Kinda weak on this IMHO Allard. Kinda ironic as well in a “SO we vote for the anti Christ to save us from political correctness” way. As far as religious freedom it is pathetic to think political correctness interferes with it at all. The idea is silly and the definition of religious freedom is distorted by conservative religious leaders. I mean did Christ call people ni**ers or tell his followers to do so? Did Christ tell his followers to call homosexuals queers or fags? I didn’t see that in the bible nor has God spoke to me demanding such name calling. Did Christ tell his followers to wallow in hate and fear and to use insults to address others that are different from them?

Does religious freedom mean you force your beliefs upon others? Or does it give you the right to deny others based upon your government job and your religious beliefs?

This nonsensical religious freedom thing is BS and so is Mr.Domenech and his opinion, IMHO of course.

Posted by: j2t2 at February 25, 2016 11:49 AM
Comment #402967

Maybe just maybe these evangelicals are tired of fighting some phony culture war, their leaders have been selling them on for years, in favor of the economic issues that have been keeping many of them down the past 3 decades. Perhaps they have seen the light about their leaders, the phoniness of Ted Cruz, the many financial and moral scandals that have been inflicted upon these people by their leaders over the years has taken it’s toll on them.

Posted by: j2t2 at February 25, 2016 11:55 AM
Comment #403000

“Maybe just maybe these evangelicals are tired of fighting some phony culture war….”

Please! That would be rationale.

Posted by: Rich at February 25, 2016 9:05 PM
Comment #403004

The hate of Christians runs deep in this thread.

“But why is it the guys who run around waving Bibles and talking the loudest about their faith turn out to be the biggest scumbags of all?”

Because you don’t like their politics, and ignore the scumbags who’s politics you do like.

“If people actually believe this tripe then they are dumbed down”

As opposed to believing a racist Reverend using his God to damn America in his apocalyptical rantings on race?

“Does religious freedom mean you force your beliefs upon others?”

Like how they force us to contribute to welfare, social security, Medicare, ‘ObamaCare’ etc…? How they force us to support their beliefs and fear on guns? How they force people to support events they do not wish to support?

Yeah, I can’t believe how much they force their beliefs onto people.

Posted by: kctim at February 26, 2016 9:40 AM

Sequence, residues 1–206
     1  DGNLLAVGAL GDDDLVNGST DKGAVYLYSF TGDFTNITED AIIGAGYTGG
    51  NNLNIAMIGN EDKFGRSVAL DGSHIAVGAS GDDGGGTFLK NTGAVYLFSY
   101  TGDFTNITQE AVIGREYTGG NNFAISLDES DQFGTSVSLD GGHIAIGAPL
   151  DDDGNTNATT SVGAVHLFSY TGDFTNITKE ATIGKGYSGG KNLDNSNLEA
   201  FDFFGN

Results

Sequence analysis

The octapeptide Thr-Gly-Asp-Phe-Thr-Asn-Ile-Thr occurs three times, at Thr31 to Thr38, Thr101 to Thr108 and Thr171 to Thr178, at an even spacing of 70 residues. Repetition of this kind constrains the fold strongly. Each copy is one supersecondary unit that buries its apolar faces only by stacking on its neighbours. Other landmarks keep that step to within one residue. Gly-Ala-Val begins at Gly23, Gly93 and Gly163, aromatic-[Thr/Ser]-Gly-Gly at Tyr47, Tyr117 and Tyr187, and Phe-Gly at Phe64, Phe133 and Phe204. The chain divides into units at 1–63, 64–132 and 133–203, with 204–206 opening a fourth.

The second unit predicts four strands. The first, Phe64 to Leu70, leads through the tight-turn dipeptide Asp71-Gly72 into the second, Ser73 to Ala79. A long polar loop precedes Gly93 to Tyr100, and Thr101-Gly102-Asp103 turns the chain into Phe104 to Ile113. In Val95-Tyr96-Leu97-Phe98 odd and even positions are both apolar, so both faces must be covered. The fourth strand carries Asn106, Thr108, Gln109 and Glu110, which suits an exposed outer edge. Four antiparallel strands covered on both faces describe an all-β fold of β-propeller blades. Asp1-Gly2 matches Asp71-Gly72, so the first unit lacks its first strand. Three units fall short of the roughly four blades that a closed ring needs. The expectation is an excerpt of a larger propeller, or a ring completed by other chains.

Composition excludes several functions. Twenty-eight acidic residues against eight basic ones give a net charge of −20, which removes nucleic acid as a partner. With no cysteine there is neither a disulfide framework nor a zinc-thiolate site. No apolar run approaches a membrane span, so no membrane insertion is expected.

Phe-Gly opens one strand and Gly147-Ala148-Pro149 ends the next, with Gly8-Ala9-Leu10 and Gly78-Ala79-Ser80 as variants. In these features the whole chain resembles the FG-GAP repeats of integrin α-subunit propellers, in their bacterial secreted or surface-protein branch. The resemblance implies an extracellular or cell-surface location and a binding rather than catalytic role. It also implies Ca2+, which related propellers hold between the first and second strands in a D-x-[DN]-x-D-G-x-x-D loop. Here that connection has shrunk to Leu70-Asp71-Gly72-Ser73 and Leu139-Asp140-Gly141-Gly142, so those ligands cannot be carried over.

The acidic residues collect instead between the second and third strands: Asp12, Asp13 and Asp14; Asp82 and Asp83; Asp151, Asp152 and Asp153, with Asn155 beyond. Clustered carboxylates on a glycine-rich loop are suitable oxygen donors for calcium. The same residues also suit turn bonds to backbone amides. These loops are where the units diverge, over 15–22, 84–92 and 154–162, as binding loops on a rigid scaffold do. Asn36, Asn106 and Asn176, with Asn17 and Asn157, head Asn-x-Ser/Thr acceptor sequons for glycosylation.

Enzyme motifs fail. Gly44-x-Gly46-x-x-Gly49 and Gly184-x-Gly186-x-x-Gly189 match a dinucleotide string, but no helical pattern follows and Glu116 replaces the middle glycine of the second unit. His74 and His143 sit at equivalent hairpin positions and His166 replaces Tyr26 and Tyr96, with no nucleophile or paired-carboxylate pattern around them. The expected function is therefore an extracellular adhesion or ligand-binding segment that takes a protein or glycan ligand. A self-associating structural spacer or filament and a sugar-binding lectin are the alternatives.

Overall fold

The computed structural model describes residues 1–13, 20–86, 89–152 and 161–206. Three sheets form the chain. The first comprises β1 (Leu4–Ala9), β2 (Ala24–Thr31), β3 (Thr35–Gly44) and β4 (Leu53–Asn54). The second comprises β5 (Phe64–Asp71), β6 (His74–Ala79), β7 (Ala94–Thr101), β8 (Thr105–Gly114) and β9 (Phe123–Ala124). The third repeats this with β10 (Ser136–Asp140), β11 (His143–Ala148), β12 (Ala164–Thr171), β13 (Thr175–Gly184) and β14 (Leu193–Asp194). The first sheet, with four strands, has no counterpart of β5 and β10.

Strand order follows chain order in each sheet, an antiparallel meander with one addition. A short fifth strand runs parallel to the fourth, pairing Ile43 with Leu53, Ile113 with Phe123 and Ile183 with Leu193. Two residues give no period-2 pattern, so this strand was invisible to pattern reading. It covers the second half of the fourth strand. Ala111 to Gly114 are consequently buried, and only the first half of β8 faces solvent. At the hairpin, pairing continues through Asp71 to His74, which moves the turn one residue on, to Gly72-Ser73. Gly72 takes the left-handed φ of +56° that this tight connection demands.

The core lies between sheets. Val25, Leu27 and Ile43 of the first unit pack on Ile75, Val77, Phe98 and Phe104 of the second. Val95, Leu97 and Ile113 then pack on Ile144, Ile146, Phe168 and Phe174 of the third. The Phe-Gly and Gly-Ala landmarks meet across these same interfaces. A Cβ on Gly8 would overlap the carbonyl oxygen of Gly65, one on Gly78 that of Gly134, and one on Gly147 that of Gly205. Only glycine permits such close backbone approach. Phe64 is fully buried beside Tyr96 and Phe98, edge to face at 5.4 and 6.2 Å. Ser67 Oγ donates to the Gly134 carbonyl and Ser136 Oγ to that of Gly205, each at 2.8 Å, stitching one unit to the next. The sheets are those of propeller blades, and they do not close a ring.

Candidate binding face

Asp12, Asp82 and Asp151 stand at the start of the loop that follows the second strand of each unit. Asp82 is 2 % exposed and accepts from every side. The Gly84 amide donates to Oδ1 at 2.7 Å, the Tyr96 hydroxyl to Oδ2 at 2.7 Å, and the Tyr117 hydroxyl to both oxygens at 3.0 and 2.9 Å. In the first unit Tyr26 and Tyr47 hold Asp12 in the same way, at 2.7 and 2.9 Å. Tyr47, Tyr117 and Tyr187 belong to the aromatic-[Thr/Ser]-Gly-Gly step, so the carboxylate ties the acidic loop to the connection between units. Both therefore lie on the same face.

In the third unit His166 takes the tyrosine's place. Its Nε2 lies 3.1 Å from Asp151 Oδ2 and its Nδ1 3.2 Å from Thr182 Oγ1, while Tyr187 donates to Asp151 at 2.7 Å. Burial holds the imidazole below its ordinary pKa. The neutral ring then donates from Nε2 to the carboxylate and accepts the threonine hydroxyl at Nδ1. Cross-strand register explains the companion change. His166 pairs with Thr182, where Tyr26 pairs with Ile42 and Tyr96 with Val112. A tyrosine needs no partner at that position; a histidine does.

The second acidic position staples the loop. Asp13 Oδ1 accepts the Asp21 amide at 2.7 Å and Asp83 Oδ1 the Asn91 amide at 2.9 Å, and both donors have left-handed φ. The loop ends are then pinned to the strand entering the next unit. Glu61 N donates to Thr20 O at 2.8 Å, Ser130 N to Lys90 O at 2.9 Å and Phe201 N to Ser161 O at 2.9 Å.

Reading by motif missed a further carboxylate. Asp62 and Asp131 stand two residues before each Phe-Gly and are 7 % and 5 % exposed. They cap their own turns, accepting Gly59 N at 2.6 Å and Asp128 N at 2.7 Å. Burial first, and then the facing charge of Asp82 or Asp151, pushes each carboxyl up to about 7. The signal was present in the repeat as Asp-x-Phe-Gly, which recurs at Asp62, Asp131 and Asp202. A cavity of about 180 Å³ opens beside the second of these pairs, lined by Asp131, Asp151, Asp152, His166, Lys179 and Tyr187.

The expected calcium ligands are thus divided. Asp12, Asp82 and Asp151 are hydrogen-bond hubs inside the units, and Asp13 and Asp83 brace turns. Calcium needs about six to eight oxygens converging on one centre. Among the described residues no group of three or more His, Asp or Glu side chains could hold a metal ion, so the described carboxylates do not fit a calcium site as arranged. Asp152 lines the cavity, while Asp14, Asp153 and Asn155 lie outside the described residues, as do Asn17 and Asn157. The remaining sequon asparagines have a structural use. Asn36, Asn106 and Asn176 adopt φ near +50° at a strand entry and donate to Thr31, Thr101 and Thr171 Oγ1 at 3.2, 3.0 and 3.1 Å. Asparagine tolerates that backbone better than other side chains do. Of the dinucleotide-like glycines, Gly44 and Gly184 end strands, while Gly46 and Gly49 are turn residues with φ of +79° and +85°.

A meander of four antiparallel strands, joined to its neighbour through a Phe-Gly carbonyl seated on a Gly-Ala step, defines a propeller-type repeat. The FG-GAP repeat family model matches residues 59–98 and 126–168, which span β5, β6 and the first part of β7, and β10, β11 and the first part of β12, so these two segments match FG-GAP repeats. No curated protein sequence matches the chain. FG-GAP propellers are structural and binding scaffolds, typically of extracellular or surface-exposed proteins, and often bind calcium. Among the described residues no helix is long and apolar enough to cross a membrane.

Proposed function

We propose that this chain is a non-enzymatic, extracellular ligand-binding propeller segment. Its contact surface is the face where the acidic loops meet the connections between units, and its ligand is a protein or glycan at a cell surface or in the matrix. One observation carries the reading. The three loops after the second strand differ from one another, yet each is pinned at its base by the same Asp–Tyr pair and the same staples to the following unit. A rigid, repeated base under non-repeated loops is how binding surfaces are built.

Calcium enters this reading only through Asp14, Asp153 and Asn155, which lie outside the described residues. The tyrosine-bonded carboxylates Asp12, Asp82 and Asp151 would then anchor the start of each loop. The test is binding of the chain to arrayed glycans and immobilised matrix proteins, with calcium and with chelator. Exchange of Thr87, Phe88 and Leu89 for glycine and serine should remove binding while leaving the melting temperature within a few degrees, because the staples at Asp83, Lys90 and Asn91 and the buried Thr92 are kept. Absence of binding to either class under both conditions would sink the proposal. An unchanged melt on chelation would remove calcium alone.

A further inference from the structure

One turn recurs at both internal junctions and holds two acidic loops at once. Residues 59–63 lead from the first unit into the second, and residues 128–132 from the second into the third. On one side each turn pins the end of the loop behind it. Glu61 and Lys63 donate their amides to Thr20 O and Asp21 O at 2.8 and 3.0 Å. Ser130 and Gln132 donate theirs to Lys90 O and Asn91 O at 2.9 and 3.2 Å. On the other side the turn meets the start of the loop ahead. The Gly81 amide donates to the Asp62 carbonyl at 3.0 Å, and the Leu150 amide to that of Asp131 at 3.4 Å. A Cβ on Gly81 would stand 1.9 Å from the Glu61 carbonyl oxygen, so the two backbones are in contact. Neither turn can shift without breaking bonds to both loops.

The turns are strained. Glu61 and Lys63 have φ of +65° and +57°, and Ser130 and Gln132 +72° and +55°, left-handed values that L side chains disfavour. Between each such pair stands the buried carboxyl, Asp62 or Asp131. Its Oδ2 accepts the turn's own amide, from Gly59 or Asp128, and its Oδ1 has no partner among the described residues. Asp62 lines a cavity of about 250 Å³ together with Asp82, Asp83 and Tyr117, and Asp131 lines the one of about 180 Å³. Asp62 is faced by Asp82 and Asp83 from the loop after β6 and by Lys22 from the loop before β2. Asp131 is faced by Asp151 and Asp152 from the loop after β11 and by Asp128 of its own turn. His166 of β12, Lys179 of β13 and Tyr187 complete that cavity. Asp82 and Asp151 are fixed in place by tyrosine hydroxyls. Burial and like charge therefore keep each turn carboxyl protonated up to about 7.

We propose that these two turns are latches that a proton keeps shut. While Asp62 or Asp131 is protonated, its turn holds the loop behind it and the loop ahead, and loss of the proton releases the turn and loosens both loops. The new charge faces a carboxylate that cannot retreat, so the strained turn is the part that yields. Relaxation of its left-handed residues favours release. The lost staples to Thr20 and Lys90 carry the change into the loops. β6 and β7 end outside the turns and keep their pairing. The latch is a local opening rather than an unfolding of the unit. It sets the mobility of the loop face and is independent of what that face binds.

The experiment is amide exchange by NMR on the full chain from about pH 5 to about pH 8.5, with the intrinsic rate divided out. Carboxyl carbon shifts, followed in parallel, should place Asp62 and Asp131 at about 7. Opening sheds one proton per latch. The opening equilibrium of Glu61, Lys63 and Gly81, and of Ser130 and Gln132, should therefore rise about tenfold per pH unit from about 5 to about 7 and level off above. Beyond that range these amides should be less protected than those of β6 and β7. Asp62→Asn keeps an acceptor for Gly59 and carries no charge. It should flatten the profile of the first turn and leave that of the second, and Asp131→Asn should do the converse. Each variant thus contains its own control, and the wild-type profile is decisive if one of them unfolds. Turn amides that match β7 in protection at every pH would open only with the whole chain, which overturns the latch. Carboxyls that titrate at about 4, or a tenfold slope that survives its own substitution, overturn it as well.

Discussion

Comment #403005

kctim,

Is the compulsory funding of our military an example of forcing one person’s beliefs on another?

Posted by: Warren Porter at February 26, 2016 10:28 AM
Comment #403007

Warren, only if a person does not believe the United States should have any military at all.

Posted by: kctim at February 26, 2016 12:07 PM
Comment #403008

Oh my kctim, why not think about a do over on this one. You confuse the argument with this silly comparison and then compound it with your answer to the military question. SO why not present a logical argument on the religious freedom issue separately from the nonsensical red herring and then we can move forward.

If not then think about how you have used the use of force when you discuss opinions instead of laws. Think about how you make the issue “only when I disagree with it”.

Posted by: j2t2 at February 26, 2016 12:32 PM
Comment #403010

j2t2 asks…”Does religious freedom mean you force your beliefs upon others?”

Nope! Under our Constitution we have the freedom to be religious or to be non-religious. Under the Constitution we have the freedom to own and carry arms or to not own and carry arms; along with many other “named” freedoms.

It is typical for many liberals and atheists and others to demand their non-religious rights which, if granted by law, denies religious persons their religious rights in conducting their business and in public spaces.

These hypocrites run squealing to government claiming their rights trump others rights simply because religion is practiced in a business transaction or conducted in a public space.

Point me to the “right” that gives some the power to force others to act in a certain way simply because it is business. My liberal friends are confusing “rights” with laws. Laws change on a regular basis. “Rights” are inalienable under our Constitution.

The Constitution as written, and explained by our Founders, is primarily a document protecting the individual from government encroachment of their freedom.